From tech startup to media company: Videogram evolves, with smart TV on the horizon

Videogram is now Leap Motion enabled

We’ve written about Cinemacraft’s Videogram solution a few times before here on The Bridge. It is a player that lies of top of existing web video, giving a visual paneled preview of different portions of that video. The startup received investment from 500 Startups, and this year began working with Turner Broadcasting by way of its 12-week Media Camp, and subsequently when it became an investor as well. Founder Sandeep Casi explained to me that although they started out strictly as a technology company, they have now grown to become more of a media company.

And not just any media company either. Recently they were one of five TVOT nominees for the best TV and video user interface / user experience, right alongside the likes of Netflix, Dish Network, and Showtime Network. They’re building for the future too, announcing Leap Motion integration today. Much of their recent progress, says Sandeep, has come about thanks to the alliance with Turner.

“Turner has been fantastic,” he explains. He says that the connection with Turner really helped them get official embed status for Twitter, their player now white-listed for viewing. What that means is that now Videogram clips can be shared in the Twitterstream, and function as they normally would.

Having made solid progress with presentation of video on the web, Sandeep is looking ahead to what he says was his vision all along: Television. He’d like to make electronic program guides more interactive, and Videogram can be a pathway to doing that. By integrating their service into smart TVs, not only do you bring the paneled functionality of Videogram, but you also bring the capability to socially share portions of television shows in a more granular manner via the sharing function on those panels. You can check out some Videogram Smart TV interfaces here if you’d like to learn more.


As for the business side of things, Videogram panels also enable banner ad placement within videos for advertisers. Sandeep showed me an example using an NBA clip (see below), where panels visually previewed highlights of a Knicks game, with one panel showing a banner ad for a basketball shoe. That banner, when clicked, gave an option to buy via the Nike website [1]. Obviously this sort of hyper-relevant product placement holds a lot of potential in the video advertising space, especially for TV. Sandeep explains:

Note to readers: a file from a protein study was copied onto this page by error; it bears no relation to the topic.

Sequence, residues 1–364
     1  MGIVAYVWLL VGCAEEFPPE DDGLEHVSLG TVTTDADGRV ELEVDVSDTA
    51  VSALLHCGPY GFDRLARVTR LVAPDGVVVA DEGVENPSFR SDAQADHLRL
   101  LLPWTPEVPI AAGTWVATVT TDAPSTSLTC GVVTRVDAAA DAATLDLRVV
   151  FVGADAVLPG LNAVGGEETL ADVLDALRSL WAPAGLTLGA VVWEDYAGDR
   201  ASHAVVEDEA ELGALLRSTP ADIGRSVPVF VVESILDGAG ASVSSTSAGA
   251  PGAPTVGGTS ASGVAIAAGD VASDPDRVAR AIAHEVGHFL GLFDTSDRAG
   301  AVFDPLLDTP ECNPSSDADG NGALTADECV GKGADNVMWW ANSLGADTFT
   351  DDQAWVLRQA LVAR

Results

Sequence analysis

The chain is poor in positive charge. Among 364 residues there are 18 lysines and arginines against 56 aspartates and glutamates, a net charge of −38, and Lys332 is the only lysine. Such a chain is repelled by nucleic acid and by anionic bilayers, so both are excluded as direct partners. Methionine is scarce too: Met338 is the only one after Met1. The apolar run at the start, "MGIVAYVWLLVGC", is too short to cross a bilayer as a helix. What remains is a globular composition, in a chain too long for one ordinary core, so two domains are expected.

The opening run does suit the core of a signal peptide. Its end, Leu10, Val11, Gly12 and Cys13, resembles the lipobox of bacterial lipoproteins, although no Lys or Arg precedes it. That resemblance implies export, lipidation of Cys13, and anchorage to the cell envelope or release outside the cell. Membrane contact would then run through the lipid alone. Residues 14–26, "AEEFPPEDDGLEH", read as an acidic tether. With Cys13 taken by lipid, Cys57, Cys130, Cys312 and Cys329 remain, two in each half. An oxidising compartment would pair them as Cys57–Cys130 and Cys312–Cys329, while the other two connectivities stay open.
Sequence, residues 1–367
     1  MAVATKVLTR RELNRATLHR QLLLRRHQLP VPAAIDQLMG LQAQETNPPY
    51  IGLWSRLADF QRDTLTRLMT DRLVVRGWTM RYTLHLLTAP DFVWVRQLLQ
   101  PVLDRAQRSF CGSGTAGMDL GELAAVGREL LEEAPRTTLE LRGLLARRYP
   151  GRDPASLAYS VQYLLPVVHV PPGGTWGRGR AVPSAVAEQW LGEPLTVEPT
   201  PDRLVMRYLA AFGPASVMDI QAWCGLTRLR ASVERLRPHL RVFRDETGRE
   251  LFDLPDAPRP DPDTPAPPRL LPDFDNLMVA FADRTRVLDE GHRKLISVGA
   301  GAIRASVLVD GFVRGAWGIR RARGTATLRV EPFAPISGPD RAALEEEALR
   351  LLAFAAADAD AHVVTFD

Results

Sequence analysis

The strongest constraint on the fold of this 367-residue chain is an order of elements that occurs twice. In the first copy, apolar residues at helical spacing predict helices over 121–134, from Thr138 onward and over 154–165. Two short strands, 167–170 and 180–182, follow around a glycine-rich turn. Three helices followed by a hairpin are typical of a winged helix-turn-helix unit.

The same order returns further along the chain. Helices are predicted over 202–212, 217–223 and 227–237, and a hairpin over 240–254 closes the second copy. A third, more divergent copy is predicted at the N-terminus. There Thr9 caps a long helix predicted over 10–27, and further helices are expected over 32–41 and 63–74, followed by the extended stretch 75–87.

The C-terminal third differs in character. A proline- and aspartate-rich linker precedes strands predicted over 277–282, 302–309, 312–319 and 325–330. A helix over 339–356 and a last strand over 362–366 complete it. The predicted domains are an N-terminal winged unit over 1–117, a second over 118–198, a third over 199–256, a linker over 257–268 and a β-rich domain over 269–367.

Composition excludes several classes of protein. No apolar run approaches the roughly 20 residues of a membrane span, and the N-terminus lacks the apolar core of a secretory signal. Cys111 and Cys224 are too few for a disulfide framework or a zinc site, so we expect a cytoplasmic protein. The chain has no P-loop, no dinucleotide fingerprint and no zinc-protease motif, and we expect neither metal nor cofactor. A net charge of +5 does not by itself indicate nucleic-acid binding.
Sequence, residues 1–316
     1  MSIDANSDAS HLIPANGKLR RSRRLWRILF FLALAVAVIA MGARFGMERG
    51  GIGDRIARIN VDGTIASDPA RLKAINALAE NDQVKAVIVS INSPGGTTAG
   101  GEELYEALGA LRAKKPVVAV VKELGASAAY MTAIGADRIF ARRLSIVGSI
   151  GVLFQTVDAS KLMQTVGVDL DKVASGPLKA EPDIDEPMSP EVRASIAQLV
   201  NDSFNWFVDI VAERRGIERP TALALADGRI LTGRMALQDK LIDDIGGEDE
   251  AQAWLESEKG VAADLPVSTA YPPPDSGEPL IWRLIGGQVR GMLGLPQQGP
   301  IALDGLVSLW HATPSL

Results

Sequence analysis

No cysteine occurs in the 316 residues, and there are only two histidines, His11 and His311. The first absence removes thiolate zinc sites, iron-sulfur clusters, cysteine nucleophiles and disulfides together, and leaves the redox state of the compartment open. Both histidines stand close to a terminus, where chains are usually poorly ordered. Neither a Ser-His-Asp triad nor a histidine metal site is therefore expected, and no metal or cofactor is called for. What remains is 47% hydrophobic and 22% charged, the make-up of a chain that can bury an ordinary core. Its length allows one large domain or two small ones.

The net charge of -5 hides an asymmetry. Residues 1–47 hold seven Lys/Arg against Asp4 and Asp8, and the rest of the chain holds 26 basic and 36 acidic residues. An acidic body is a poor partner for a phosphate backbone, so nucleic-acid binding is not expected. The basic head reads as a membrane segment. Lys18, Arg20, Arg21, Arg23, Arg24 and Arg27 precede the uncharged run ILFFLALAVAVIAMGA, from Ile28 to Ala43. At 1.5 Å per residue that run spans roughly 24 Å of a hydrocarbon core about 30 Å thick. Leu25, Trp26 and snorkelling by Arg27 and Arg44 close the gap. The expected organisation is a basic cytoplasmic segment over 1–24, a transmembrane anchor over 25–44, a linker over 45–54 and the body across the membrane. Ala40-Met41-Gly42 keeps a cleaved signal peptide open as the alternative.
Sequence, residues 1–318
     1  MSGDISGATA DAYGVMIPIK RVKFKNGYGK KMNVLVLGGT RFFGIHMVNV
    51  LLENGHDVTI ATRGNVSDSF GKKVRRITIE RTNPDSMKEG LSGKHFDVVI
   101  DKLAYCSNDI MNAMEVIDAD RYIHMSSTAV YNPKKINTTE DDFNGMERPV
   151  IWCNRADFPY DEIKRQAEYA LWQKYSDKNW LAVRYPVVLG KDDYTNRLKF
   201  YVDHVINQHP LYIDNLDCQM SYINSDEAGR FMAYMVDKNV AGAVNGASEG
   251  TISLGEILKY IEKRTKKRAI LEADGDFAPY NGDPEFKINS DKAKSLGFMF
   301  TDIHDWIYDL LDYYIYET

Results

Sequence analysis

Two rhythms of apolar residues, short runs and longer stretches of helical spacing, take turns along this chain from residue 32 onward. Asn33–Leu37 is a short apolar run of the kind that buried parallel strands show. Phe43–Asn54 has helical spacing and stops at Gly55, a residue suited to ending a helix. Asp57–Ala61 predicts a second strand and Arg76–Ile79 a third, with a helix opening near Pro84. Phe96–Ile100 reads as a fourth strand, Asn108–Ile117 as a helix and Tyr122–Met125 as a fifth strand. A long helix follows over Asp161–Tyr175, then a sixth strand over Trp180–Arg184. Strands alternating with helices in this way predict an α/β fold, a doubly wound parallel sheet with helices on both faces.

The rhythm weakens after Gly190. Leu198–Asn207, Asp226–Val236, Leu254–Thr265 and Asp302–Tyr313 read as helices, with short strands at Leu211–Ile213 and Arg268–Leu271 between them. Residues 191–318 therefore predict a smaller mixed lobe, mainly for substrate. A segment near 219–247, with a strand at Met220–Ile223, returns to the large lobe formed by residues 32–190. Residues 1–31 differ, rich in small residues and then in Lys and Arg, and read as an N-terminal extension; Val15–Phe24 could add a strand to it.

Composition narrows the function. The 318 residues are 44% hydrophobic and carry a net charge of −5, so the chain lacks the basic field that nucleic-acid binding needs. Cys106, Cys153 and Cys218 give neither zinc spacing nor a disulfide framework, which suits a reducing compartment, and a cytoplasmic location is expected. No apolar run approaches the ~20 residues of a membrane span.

We’re trying to make the industry think about engagement, not views. For advertisers this is important, because they now know their video is being eyeballed.

When I talked with Sandeep, he showed me a number of Videogram mockups and samples for a wide range of notable entertainment properties. To be honest, it was hard to keep up with which companies were already clients, and which ones were just mockups. But it’s hard not to admire Videogram having the confidence to overhaul a given company’s online video presence on spec, and take it to their offices to sell them on its potential. Sandeep adds:

This is our business development scheme. This is what we do. And I really can’t believe that more startups don’t do it. Clients get it immediately. We give them a link, and they can convince internally with that link.

Videogram’s iOS app has come a long was as well, recently getting an upgrade that lets users capture multiple clips, combining them as a composite video. This is a function we see in many video apps these days, but the technique lends itself especially well to Videogram since different clips could be represented by different panel previews.

Cinemacraft has already deployed Videogram across a number of properties, including CBS, ABC, FOX , Sony, and even in India’s Bollywood. I expect NTT group will also be assisting the company to reel in some big fish here in Japan as well. I’m told that their service has grown in popularity in Korea as well, so I look forward to hearing news from that front too.

  1. There’s also a play button, so buy link appears to be not too intrusive.  ↩